Bogle, like Mitchell, was a man of vision who thought outside the box. Those studies I mentioned earlier kept revealing an unsettling result to the staid investment industry’s active manager proponents. Low-cost funds kept winning the “yield war”, which began to dispel the collective Wazoos’ notion that investors must pay more to get more…the antithesis of Bogle’s notion “that investors as a group not only don’t get what they pay for, they get precisely what they don’t pay for.” Without question, part of the out-performance of index funds is directly attributable to their lower operating expense ratios. In short, indexing’s low-cost effect means the investor keeps more of what his or her fund earns.
According to Vanguard studies, from 1976 to 2016, indexing saved investors close to $153 billion!
It’s true that 20 percent or so of the managed (active) funds outperform index (passive) funds on an annual basis, but it’s seldom the same 20 percent!
Today, broad market index funds modeled on the original Vanguard fund rule the roost, a general recognition that Dare to be Average has become a more commonly accepted practice among small savers in the investment community. This is why it plays such an outsized and important role in this blog’s strategic model.
I’m not suggesting that you invest exclusively in Index funds. I am suggesting, however, that small investors new to the game use an index fund strategy around which to build a portfolio based on those PDQ Principles – Patience, Diversification and Quality – that I talk so much about. And keep it simple.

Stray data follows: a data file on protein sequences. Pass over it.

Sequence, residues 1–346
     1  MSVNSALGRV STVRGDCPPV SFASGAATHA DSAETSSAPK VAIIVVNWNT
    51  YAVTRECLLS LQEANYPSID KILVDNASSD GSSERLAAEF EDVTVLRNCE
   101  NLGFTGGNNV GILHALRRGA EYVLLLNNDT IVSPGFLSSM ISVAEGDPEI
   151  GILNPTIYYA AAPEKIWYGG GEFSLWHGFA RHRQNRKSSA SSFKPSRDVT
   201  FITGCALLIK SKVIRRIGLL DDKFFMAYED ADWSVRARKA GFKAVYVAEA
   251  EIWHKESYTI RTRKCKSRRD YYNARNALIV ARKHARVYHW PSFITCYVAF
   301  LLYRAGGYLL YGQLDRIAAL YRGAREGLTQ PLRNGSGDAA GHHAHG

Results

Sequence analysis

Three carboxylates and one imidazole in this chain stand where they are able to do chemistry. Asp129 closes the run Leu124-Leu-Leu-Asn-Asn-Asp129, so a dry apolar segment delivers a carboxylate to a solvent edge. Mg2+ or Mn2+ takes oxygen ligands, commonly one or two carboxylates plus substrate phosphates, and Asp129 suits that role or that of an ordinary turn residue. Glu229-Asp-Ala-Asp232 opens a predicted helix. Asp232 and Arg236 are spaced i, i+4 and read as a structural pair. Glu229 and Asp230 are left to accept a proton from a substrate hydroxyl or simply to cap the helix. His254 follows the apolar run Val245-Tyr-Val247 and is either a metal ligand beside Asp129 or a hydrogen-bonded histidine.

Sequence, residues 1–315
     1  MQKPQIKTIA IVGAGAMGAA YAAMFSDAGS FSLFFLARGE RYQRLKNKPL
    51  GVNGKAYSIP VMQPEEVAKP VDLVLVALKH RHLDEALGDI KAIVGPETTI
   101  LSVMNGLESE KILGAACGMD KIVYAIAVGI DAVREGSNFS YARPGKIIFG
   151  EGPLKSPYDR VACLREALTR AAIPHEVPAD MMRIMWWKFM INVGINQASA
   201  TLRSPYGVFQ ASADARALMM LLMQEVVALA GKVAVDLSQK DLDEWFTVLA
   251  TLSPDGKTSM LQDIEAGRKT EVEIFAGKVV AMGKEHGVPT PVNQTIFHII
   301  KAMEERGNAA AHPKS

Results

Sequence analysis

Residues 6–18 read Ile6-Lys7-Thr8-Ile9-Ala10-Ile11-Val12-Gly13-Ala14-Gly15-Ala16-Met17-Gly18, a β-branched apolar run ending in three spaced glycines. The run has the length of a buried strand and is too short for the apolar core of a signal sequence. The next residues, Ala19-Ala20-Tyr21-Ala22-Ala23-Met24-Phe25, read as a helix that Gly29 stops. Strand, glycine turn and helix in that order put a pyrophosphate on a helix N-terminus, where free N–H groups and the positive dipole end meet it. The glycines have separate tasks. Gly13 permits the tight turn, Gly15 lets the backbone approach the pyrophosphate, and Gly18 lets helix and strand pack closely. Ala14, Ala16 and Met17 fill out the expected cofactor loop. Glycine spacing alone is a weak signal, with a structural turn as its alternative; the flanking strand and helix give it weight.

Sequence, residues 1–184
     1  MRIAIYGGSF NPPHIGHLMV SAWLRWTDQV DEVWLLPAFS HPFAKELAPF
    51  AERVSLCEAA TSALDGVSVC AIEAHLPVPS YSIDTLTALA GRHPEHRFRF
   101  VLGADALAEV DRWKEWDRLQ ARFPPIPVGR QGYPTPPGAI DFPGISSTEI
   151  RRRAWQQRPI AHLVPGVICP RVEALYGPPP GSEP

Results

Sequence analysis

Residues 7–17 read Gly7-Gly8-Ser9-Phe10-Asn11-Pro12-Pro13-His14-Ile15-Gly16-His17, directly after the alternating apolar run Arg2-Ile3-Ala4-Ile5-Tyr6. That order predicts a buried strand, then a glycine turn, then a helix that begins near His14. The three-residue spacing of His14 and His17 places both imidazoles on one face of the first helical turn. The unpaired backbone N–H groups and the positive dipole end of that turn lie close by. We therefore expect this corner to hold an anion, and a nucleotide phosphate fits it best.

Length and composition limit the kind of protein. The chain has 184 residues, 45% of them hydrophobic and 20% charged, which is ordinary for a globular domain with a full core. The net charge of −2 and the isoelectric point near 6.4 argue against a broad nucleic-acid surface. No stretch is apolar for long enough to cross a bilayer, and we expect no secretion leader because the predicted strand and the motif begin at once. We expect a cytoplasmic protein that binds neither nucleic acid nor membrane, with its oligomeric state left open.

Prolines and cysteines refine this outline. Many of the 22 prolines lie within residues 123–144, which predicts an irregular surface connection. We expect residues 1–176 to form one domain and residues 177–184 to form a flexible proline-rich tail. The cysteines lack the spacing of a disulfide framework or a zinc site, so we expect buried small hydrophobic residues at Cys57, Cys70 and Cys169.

The latest dream (occasionally realized) among millennials is to become financially independent and retire early (a movement called FIRE) – a dream about retiring before or by age 40. As I understand it, the plan is to retire from a 9-to-5 regimen, but not to quit working. In short, these folks want to spend the rest of their post-40 lives doing what turns their crank. Of course, this kind of independence from the grindstone requires money. It can be done, but because it does require money, it also requires a huge dose of discipline at a very early age – an ingredient missing in the makeup of many people, including I suspect, quite a few of these potential FIRE devotees.